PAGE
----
Bill C-69 vote is a step forward in protecting Canadians and climate

Pembina Institute reacts to the House of Commons C-69 vote

OTTAWA — Nichole Dusyk, senior analyst at the Pembina Institute, made the following statement in response to the House of Commons vote to amend Bill C-69:

“Last night the House of Commons voted to preserve the integrity of a foundational piece of environmental legislation. In doing so, the government is one step closer to fulfilling an election mandate to restore public trust in major project assessments. Canada’s current system for reviewing new industrial projects is not working for anyone. We know that getting projects built requires thorough and credible review processes. While Bill C-69 could be stronger, it will nevertheless benefit all Canadians, including industry, by making project reviews more robust, transparent, and fair.

“We applaud the House of Commons for refusing to accept Senate amendments that would have gutted the requirement to consider climate change when reviewing major projects. It is no longer acceptable to punt climate action to another policy or jurisdiction. Protecting Canadians requires fully integrating climate considerations in all planning and decision-making. Going forward, the federal government needs to ensure that the implementation of Bill C-69 is fully consistent with the seriousness of the climate crisis.

“This bill was never about individual projects, but rather a reform of the entire decision-making and assessment process. It is about creating tools and processes to ensure natural resource development decisions, whether about a mine or a dam or a pipeline, are made in a fair way.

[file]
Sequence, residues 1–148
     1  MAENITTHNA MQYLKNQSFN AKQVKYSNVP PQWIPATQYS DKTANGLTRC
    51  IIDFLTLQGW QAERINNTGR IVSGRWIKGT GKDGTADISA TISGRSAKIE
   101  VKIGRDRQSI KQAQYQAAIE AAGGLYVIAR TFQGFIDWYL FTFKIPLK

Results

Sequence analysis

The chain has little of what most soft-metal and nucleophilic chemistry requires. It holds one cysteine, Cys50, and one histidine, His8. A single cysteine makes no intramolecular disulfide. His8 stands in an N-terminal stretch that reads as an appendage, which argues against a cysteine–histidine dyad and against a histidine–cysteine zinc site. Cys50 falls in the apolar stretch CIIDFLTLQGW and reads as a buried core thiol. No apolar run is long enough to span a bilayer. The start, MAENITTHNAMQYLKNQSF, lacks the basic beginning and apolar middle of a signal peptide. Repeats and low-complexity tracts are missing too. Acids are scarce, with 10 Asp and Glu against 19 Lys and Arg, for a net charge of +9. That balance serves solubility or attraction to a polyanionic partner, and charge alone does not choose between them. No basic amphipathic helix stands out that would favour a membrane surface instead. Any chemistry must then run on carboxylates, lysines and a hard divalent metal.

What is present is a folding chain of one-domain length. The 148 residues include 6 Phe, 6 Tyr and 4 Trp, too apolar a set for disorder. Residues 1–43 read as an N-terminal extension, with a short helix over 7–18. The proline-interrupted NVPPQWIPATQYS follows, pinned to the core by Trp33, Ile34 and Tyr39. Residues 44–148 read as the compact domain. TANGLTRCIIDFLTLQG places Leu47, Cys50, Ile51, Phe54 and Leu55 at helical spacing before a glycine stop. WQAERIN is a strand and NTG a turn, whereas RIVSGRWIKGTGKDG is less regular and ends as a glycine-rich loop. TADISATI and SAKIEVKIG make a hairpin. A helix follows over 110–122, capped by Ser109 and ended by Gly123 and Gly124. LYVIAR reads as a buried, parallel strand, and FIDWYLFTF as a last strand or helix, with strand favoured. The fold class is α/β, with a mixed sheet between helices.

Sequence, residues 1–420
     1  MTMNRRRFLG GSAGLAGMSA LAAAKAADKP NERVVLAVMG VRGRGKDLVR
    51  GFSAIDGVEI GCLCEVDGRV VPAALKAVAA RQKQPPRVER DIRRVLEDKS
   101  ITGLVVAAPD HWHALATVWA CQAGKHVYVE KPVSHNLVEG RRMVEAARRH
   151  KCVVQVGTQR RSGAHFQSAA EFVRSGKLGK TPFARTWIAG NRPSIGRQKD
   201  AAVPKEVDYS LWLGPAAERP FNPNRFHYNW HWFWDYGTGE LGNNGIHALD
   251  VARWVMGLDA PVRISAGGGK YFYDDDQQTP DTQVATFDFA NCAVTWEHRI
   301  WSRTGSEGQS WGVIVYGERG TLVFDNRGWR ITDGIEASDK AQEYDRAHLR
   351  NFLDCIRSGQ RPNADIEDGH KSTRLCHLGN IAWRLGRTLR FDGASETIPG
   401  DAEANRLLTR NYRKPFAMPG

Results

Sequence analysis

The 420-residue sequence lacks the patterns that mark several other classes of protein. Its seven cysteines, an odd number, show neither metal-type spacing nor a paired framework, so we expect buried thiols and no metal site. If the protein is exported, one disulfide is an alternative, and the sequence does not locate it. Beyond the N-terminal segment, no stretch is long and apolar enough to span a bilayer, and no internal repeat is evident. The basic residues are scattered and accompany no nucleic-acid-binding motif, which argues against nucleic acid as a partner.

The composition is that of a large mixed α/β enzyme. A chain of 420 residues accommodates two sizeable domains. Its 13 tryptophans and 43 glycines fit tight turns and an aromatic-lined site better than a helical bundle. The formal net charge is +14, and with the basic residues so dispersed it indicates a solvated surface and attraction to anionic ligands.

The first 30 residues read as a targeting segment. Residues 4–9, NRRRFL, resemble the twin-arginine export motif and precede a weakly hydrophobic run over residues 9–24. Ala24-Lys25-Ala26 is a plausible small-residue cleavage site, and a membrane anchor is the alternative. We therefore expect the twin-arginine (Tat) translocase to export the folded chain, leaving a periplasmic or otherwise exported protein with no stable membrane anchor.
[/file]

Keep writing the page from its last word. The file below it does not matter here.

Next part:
"Public mistrust of the National Energy Board has repeatedly led to decisions that are not viewed as credible — the public no longer believes the NEB is going to protect the public interest. The legislation contains a number of significant reforms to increase the independence of the new Canadian Energy Regulator and ensure robust reviews of major energy infrastructure. It is disappointing however that the House has voted to reverse one of its own amendments, prohibiting lifecycle regulators — including the Canadian Energy Regulator — from chairing project review panels. While the legislation as a whole takes strides toward more credible project reviews, this amendment means that the legislation is not as effective as it could have been.”



Kelly O'Connor
Associate communications director